Books by queer Korean Americans aren’t exactly abundant, but there are definitely more than there used to be. O Magazine recently published an article by author R.O. Kwon about why she chose to come out as bisexual earlier this year. In the article, Kwon talked about her decision in the context of being Korean American. She counted up four other existing queer Korean American writers with published books, and expressed her desire to add to this “slim, ferocious list of names.”
As a bisexual Korean American writer myself (albeit without a book published yet), I’ve been watching the aforementioned list grow with interest. Despite the still relatively modest presence of queer Korean American literature, a few very notable works have popped up just within the past couple years.
So who are the writers who have made this “slim, ferocious list”? What have they been up to? Here’s a starter kit of selected books.
I’m reluctant to point out the quirkiness of this 2017 novel, because quirkiness in writing usually isn’t a selling point for me, but Sorry to Disrupt the Peace is really odd in the best way. Helen Moran receives word that her adoptive brother has killed himself. She decides to fly from NYC to her childhood home in suburban Milwaukee to “investigate” his death. This proves to be something of a challenge, as she hasn’t been on speaking terms with her adoptive parents for a while. But Helen has a way of following through on her impulses that makes her a disturbingly funny and delightfully weird character.
Throughout the text, Helen refers to her “adoptive brother” and “adoptive parents” as such. This quirk is so noticeable that it informs the whole tone and texture of the narration. Sorry to Disrupt the Peace is full of discomfiting humor, but also surprising sincerity.
The Incendiaries follows Phoebe, a young woman who’s drawn to a cult, and her boyfriend Will, a transfer student who’s lost his Christian faith. The early coverage of this book last year seemed to focus on the questions it raises about faith—and not wrongly, as this is a big part of what The Incendiaries is about. But knowing this didn’t prepare me for how virtuosic of a work it would be. It didn’t prepare me for such an ambitious swirl of language and viewpoints.
The Incendiaries is bold in its stylistic choices, and impressively broad in scope considering that it’s a relatively short book. It plays with the reader’s perceptions and assumptions. There’s a whole world churning beneath its surface.
The biggest surprise of this 2018 essay collection may be that the title is not being cute. How to Write an Autobiographical Novel does address the challenges of writing autobiographical material, however loosely. Sure, Chee talks about subjects as varied as tarot cards, roses, and a summer he spent in Mexico as a teen. But the essays ultimately paint a picture of his life as a writer, as well as the effects living and writing have on one another.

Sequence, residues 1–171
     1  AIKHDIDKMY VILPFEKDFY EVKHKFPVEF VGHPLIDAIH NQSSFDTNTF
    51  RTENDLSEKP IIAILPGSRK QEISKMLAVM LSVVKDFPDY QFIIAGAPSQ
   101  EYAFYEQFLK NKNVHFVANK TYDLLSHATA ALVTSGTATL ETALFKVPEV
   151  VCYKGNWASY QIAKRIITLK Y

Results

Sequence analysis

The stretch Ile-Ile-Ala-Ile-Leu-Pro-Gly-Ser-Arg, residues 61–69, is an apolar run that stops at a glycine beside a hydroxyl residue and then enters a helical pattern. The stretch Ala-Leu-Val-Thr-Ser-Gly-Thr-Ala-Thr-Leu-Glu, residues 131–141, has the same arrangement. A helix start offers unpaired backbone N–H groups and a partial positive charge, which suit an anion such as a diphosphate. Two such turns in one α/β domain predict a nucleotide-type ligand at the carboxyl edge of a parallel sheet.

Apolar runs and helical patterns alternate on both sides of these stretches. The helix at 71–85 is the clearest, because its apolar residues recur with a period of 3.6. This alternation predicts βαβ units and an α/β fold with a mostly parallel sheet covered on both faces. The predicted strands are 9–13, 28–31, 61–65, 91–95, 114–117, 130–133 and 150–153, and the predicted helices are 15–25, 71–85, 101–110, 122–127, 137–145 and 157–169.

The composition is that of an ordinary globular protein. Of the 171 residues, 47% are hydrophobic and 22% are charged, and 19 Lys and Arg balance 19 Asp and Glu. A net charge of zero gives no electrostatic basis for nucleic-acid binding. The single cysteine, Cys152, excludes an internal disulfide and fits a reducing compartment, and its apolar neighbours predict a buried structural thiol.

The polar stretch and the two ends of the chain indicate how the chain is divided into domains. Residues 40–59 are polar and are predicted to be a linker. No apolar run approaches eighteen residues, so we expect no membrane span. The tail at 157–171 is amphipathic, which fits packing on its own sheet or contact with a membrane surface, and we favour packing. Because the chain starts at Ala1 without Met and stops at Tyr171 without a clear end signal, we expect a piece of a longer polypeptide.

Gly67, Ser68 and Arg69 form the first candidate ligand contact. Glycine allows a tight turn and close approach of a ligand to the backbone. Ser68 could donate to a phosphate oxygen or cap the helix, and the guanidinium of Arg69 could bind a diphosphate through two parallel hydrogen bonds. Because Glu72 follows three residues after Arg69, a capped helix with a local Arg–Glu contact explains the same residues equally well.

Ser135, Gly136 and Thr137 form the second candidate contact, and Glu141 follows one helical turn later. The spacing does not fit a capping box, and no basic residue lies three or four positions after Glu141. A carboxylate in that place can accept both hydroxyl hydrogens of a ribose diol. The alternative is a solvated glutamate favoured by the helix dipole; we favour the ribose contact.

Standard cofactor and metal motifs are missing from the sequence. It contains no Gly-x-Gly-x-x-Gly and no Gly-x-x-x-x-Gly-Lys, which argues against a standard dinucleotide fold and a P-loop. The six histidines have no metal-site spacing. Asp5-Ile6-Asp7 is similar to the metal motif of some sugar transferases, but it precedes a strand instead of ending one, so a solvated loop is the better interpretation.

Alexander Chee has emerged as a natural mentor figure not just for Korean American writers, but Asian diaspora and marginalized writers in general. One reason for this is that his debut novel Edinburgh was published in 2001. At that time, there was much less visibility for Korean and Asian writers in the Western world. Chee has also made a point of using his platform as a known author to be supportive of and helpful to others.
This compulsively readable 2017 book gets into the blessings and hazards of extremely online culture, particularly for marginalized people. A closeted teenage boy in a small town reaches out to an openly gay man in San Francisco through a chat app. The boy’s mother, concerned about her socially withdrawn son, emails a famous author for personal advice. An Asian girl in the same town seeks community in an online social justice organization after her crush makes racist remarks about her.
While seeing emails, texts, and instant messages in fiction these days is nothing new, Mattson uses these forms with an accuracy that burns. But The Lost Prayers of Ricky Graves isn’t only about portraying internet technology as a source of tragedy. It’s also a non-cynical reminder of how real community and support can exist behind a smiley or heart emoji.
Franny Choi’s Soft Science, which follows her 2014 debut Floating, Brilliant, Gone and the 2017 chapbook Death by Sex Machine, is simply not to be missed. Soft Science revolves heavily around the theme of bodies and the implications of existing in a body, particularly with regards to queerness, race, and femininity. It plays with the idea of artificial intelligence vs. human intelligence, delving into how humans, some more than others, are expected to perform human-ness in a way that is in itself artificial.
In an interview with NPR, Choi made a statement about how things in the publishing industry may be changing for the better. While it’s about artists of color in poetry, I’d like to share part of it here because I think it also sums up the sentiment behind this list:
“And what I see happening around me is a lot of amazing artists who are kind of refusing to think with this, like, scarcity model…and to really try to, like, bring all of us up together and, you know, reach new readers who have felt alienated from poetry for so long who are able to now be part of this big party that we’re starting.”
A disclaimer about the content of this post: I’m using the term “Korean American” purely as a way of describing a demographic and not as an assumption of personal identity. Some people of Korean heritage prefer to identify themselves as simply “Korean” regardless of where they live or were born. This post isn’t necessarily meant to be exhaustive, either, but rather just to expand on Kwon’s list.
There may not be many books by queer Korean Americans at this point in time. But the ones that do exist contain some of the most exciting literature out there.